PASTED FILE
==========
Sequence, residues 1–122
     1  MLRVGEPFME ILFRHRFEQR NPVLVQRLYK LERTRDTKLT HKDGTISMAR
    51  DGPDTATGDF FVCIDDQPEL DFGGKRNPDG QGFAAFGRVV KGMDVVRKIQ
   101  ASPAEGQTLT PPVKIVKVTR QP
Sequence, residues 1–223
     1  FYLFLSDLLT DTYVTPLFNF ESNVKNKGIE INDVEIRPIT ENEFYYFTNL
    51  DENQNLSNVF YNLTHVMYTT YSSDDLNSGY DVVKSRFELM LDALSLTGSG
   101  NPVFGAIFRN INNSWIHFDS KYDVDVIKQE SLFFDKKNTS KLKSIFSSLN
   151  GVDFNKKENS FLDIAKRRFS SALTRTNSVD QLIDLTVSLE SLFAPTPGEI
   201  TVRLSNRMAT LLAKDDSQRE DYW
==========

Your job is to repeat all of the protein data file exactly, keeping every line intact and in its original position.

Sequence, residues 1–122
     1  MLRVGEPFME ILFRHRFEQR NPVLVQRLYK LERTRDTKLT HKDGTISMAR
    51  DGPDTATGDF FVCIDDQPEL DFGGKRNPDG QGFAAFGRVV KGMDVVRKIQ
   101  ASPAEGQTLT PPVKIVKVTR QP
Sequence, residues 1–223
     1  FYLFLSDLLT DTYVTPLFNF ESNVKNKGIE INDVEIRPIT ENEFYYFTNL
    51  DENQNLSNVF YNLTHVMYTT YSSDDLNSGY DVVKSRFELM LDALSLTGSG
   101  NPVFGAIFRN INNSWIHFDS KYDVDVIKQE SLFFDKKNTS KLKSIFSSLN
   151  GVDFNKKENS FLDIAKRRFS SALTRTNSVD QLIDLTVSLE SLFAPTPGEI
   201  TVRLSNRMAT LLAKDDSQRE DYW